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Re: NEJM Article says placebo effect small

Posted by SLS on May 26, 2001, at 11:23:00

In reply to NEJM Article says placebo effect small, posted by Jane D on May 24, 2001, at 11:31:51

> The NEJM just published an article claiming that the placebo effect, where you get better only because you believe you will, is actually very small.
> If I understand it correctly, the authors looked at a number of studies that included a control group that knew they were not being treated as well as the placebo group and found no difference in measurable things like blood pressure and only a small difference in things like pain that depended on the subjects report. Subjects that were not treated did get better but it happened whether or not they thought they were being treated meaning it was caused by random ups and downs of the illness, not power of suggestion.
> This fits with my experience. I have believed very strongly in drugs that did not work and gotten great relief from one that I expected nothing from. I've also been slightly offended by the implied suggestion that I couldn't tell what worked for me and what didn't.
> Any comments?
> Jane
> There is a description of the article on the NY Times web site at
> (registration required but free and immediate)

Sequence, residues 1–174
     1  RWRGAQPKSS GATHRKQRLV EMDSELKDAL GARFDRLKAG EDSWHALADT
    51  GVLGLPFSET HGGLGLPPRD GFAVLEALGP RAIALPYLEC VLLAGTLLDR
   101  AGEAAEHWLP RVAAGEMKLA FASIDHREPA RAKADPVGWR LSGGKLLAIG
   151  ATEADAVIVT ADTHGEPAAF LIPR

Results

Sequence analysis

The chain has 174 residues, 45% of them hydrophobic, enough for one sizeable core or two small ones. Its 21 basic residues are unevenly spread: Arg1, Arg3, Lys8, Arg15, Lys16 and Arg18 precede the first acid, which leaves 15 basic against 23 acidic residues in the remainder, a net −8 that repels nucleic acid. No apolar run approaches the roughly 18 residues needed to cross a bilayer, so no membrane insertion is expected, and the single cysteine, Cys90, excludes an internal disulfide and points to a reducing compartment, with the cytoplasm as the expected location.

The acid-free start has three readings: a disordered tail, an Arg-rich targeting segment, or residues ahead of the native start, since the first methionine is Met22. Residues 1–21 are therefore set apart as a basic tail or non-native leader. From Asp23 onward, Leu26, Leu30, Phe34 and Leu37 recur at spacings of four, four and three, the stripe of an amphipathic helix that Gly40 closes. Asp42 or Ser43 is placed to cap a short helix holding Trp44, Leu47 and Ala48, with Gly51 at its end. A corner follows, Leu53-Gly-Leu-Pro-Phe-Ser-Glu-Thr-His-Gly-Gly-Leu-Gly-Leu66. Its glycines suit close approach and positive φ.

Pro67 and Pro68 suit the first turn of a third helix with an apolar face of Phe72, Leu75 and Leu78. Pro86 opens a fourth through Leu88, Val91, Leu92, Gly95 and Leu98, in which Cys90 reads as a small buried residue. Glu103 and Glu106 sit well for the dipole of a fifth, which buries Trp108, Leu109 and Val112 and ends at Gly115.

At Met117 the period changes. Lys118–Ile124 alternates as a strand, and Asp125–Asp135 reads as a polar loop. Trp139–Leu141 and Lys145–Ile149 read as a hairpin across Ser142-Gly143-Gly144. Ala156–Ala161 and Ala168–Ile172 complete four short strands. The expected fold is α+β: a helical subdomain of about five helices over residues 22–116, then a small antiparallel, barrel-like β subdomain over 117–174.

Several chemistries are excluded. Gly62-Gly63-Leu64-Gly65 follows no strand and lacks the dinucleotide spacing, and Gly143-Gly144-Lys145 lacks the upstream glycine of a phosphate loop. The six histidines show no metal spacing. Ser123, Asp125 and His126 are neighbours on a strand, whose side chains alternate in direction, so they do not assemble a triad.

> and the abstract is at
> (full text only for subscribers, alas)

Hi Jane.

Thanks for the citation links.

It has always seemed to me that the placebo response rate of 30% reported for clinical trials of antidepressants was higher than I would expect intuitively given the way I personally experience depression and drug responses. Such a high response rate to placebo tends to make the active treatment seem less significant somehow.

Of great significance is the observation that the placebo response rate for the more severe or treatment-resistant depressions is very low; perhaps less than 10%.

I think that there are several contributing factors to the placebo "response" when dealing with depression.

1. The objective measurement of a subjective experience such as depression is difficult to quantify, and can involve bias on the part of both the patient and the investigator.

2. The nosological classification of depressive disorders is inexact. The criteria for choosing patients for inclusion in a study can differ from investigation to investigation, and is often overly broad or liberal.

3. Depressions more often have a fluctuating or episodic course. Some of those people who improve during a trial of placebo would have done so anyway, as this was the natural course of their illness.

4. A patient may experience great relief at the thought that they are receiving medical treatment that will end their pain.

5. One study I came across demonstrated that patients recruited through advertisements rather than consultation referrals tend to show a higher rate of early placebo response and are less depressed to start with. Many of the investigations published use recruits.

- Scott




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